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Brian Onang'o
Brian Onang'o

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Brian Mechanism: Building the World's Cheapest Large Scale Agricultural Robot

This is our attempt at building the world's cheapest large scale agricultural robot.

A week ago on Friday July 8, 2022 we wrote a series of articles on Chainbrake, the design that we had for our years long challenge of creating the world's cheapest agricultural robot. After several years of back and forth with our designs, we had thought that we had developed the best design in the chainbrake design. But a day of testing a prototype immediately revealed the problems that would be experienced with the proposed cable system. Much of what chainbrake really is now remains in our sketch books and in our heads. Although it is a good design and innovation that we hope will find use somewhere in the future, we have in the course of the week been able to come up with the design of a 2DoF Rail enabling infinite precise motion in 2 axes.

Our Inspiration
The inspiration for our project came from FarmBot. Farmbot seems to us a noble attempt to create a robot to help in agricultural work, not for the big industrial farms, but for the small scale kitchen gardeners. Without their work, we would probably never have begun our work. Theirs is the spark of light that we needed to see to begin what has now been about 5 years of work in RnD. It is true that this is probably a lot of time. But the design experience we have gained in the process has led to what we have chosen to call the Brian Mechanism.

The Problem Defined
Our primary problem and quarrel with Farmbot is in its cost and inscalability. Farmbot is so prohibitively priced for us who live in Africa. This can be seen from its buyer distribution map. After 6 years of production, and boasting of customers in over 90 countries, hardly any of these is from Africa and the other poor regions of the world.

Farmbot Buyer Distribution Map

The failure of Farmbot Max, the largest farmbot developed by FarmBot well illustrates its inscalability.

The table belows gives a comparison of the cost and size of the different farmbots available.

This leaves us with a robot we would like to have, but is too expensive for us, and which even if we would be able to afford, would still leave us disappointed that it can but work a very small area which can easily be worked by hand.

But seeing as this is not an article on the many disadvantages of Farmbot, especially to the poor African farmer, we proceed to consider:

A Brief Background
In the search for a design which would make an affordable and scalable robot, we have gone through several design iterations. Some of these are now relics in our sketchbooks, but considerable work has been done in some. These are some of the designs that we proposed:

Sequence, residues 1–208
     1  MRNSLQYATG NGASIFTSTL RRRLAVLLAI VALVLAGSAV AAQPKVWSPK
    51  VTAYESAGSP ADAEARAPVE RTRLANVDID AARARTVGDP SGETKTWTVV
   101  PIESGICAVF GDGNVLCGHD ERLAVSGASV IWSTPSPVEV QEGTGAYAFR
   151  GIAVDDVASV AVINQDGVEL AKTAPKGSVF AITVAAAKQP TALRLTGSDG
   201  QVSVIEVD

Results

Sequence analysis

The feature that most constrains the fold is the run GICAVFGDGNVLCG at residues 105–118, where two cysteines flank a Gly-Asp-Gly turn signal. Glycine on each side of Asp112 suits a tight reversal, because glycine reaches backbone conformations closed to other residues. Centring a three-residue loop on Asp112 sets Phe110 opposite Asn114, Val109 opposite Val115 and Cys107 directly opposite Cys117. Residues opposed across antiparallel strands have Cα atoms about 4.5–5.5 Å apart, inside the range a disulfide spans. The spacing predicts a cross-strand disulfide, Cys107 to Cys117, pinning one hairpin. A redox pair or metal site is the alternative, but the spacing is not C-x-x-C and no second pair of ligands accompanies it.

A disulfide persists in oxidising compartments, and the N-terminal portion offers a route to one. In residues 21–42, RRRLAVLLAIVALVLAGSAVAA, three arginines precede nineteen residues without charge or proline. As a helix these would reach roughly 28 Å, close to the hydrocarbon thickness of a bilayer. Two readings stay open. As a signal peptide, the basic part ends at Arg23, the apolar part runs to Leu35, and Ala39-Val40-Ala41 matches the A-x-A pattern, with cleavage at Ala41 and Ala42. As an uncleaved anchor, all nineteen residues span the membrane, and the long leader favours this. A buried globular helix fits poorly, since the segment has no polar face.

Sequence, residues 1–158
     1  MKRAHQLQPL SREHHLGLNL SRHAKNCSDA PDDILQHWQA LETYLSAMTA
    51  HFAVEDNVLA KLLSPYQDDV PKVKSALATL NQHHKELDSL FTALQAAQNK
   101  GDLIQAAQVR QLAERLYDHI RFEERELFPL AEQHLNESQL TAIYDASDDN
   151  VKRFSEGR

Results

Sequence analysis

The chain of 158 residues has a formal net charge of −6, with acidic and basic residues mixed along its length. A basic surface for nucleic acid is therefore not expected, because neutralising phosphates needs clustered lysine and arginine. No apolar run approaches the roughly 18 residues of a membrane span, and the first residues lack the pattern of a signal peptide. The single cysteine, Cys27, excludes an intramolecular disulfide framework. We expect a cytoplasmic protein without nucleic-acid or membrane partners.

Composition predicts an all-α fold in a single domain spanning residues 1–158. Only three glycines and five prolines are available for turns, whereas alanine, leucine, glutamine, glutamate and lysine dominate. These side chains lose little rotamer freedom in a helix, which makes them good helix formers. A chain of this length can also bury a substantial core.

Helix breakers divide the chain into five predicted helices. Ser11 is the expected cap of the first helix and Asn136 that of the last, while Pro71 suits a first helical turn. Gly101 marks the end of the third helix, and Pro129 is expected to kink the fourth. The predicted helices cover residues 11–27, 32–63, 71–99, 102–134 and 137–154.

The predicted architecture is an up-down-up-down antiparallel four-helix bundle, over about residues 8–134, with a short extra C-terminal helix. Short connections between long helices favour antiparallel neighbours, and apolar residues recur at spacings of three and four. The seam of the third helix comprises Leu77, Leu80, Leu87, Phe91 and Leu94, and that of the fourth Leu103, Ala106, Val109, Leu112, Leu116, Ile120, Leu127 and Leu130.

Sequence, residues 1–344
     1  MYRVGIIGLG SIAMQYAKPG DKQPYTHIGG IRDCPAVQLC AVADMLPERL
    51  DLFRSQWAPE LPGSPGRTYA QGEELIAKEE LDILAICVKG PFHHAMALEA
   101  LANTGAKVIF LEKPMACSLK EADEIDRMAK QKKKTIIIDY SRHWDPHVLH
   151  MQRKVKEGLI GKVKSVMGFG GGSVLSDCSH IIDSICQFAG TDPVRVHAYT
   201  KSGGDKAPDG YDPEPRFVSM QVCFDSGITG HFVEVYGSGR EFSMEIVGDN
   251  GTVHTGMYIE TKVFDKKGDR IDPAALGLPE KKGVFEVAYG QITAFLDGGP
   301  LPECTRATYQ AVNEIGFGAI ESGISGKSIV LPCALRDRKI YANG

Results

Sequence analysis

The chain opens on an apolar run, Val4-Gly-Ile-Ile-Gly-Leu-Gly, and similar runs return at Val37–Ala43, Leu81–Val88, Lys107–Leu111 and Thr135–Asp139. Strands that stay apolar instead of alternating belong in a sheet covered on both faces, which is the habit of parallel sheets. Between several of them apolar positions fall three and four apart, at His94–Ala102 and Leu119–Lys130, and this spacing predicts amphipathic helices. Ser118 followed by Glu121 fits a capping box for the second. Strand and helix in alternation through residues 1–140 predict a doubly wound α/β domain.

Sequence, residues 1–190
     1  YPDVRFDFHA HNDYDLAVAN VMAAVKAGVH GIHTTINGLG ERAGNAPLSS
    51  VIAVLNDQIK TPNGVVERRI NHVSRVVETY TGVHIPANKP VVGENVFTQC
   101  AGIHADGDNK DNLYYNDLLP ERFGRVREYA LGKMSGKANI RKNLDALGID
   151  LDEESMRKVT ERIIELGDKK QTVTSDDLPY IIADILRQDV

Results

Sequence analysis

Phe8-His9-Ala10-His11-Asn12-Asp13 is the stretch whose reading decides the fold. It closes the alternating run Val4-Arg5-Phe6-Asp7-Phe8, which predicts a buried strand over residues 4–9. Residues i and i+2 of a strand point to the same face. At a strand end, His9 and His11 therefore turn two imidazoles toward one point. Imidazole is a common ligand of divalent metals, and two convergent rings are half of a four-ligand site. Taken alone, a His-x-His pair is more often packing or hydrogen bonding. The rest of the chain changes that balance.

1. A cable driven robot. This was dropped because of its complexity both in the mechanism and control. The name we gave for it was csybot (Circuits and Systems roBot). Mathematical models on github and an illustration on youtube are available.
    Csybot Illustration

  2. Several other designs. Some have been lost while some are available on youtube and
    on github With these designs we managed to come up with the design of a platform that can achieve continuous linear motion along one axis from the intermittent motion of two legs.But we had no way of raising up the legs to clear the ground when moving At this stage we were happy to rename our project to angel robotics. But since some people were already using that name, we decided to change to chainbrake in the next stage.
    AngelBot Mechanism

  3. Chainbrake. This is yet another rope system. It is a low precision one, but capable of doing agricultural work. But it has been dropped because of the difficulty in tensioning rope systems. Chain brake simply means that it is a braking system for a rope system using an ordinary chain. When you insert a cable through a chain, then stretch the chain, the bearings of the chain grip on the cable so hard that it provides a way for stopping any movement of the chain.
    Chainbrake concept
    Chainbrake actuator concept

We have also been able to do a little work, now on hold, on a farmbot simulator, which we discussed on the farmbot forum. See an illustration of it on youtube

We managed to create what is to us an interesting mechanism which combines the braking and actuation systems of the chain into a single one using two motors and a single chain. It lives in our sketchbooks. We do not want to be distracted by it now for the want of time. We hope it finds use somewhere in future.

This is our problem: We need for our friends, neighbours and relatives a large scale agricultural robot that they can afford. If you already have developed such or know of one, we would be glad to hear from you so that we can immediately stop this our project. Except that ours is to be the cheapest. If there is already a cheap agricultural machine out there, we must reiterate until ours is the cheapest. But we believe that we already have a working design in: Brian Mechanism

As we have seen that our aim is to solve the dual problem of:

  1. Affordability
  2. Scalability

let us go on to see the steps through which we have been able to achieve this in designing for affordability and scalability

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